Monday, January 10, 2011

Something Wonderful Every Week

Here is a new blog, a weekly photo journal for the year 2011:

We invite our friends, fellow travelers, and photographers to submit 1 photo to "Something Wonderful" every week by Sunday at noon. Photos will then be grouped according to location and published on our website by Monday or Tuesday of the following week. We ask that if you join this blog community, you consistently submit 1 photo EVERY WEEK for the year 2011.

An important caveat is that photos should be taken and submitted in "REAL TIME," which is to say that each photo you submit should be taken at some point during that same week. For instance, all photos submitted the second week of January should actually be taken within the second week of January 2011. This allows viewers to see what different people in different places in the world are doing at roughly the same time.

Any photo can be "wonderful" -- a photo of you, your friends, your cat, a good meal , a famous landscape, or something close to home. Even if it seems ordinary to you, someone across the world might see it and be amazed. Your everyday life, whether or not you know it, is wonderful.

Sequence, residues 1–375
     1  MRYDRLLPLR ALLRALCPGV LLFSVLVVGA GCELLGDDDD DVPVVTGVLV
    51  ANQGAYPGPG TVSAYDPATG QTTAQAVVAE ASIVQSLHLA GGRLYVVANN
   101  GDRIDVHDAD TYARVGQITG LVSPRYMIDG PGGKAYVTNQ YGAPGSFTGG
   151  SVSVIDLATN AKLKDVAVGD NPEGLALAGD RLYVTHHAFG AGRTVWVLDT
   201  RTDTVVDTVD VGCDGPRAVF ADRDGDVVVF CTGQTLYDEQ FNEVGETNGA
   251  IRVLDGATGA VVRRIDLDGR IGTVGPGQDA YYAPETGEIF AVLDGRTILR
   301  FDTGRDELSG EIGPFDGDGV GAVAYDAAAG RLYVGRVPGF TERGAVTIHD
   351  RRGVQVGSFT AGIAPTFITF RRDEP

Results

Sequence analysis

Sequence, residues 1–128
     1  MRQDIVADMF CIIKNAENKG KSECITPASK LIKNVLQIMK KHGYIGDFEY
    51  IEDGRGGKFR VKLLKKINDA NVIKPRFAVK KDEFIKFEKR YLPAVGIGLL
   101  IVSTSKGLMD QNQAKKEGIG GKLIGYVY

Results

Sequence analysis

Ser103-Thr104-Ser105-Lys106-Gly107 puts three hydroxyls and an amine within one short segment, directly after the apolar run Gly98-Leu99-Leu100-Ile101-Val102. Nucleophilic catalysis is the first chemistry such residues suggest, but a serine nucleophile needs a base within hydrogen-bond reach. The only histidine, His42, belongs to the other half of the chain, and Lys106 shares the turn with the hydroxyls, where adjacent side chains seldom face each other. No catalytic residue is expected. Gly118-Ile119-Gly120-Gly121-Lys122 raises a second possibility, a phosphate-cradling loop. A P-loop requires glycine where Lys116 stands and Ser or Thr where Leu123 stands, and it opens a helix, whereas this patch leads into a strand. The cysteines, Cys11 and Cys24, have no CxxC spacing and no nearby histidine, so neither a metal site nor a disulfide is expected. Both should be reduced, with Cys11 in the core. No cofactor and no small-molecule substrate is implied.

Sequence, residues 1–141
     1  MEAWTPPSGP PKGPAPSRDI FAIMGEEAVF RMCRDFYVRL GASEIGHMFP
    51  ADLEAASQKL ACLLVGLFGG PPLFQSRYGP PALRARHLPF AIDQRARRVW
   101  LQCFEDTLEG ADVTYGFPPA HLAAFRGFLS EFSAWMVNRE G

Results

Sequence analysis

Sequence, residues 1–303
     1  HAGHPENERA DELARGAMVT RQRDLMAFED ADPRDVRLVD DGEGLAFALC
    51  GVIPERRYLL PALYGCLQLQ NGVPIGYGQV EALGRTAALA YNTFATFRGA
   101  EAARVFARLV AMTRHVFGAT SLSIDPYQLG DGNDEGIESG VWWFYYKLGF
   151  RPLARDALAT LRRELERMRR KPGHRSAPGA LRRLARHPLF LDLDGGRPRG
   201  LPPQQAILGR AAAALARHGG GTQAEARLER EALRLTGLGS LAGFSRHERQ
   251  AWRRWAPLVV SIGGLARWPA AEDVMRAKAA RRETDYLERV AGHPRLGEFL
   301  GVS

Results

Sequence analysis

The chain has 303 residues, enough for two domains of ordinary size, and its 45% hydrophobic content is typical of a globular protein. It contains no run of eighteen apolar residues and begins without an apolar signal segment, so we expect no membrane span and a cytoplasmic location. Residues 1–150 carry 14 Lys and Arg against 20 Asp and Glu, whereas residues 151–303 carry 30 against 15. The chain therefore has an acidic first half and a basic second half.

You, the photographer, retain the copyright of any photo you take.

Please submit 1 photo by Sunday at noon, EVERY WEEK, to our e-mail address:

The e-mail should include your name, city, country, and a brief description of the item/people in the photo, as well as an attachment with the photo (JPEG preferred).

Tuesday, January 4, 2011

Korean Mask Dancing and the Traditional Ways


{Lindyhoppers at Dosan Seowon}

Hey, that isn't traditional dancing! Or rather, it is traditional dancing, but it's traditional American dancing. My friends and I (all lindy hoppers) pose in the American "swing out" at Dosan Seowon (도산서원), a Confucian academy, before we reach the reach the autumn maskdancing festivals being held at Hahoe and Andong.

{Dosan Seowon, circa 1574}

{Just a Social Butterfly}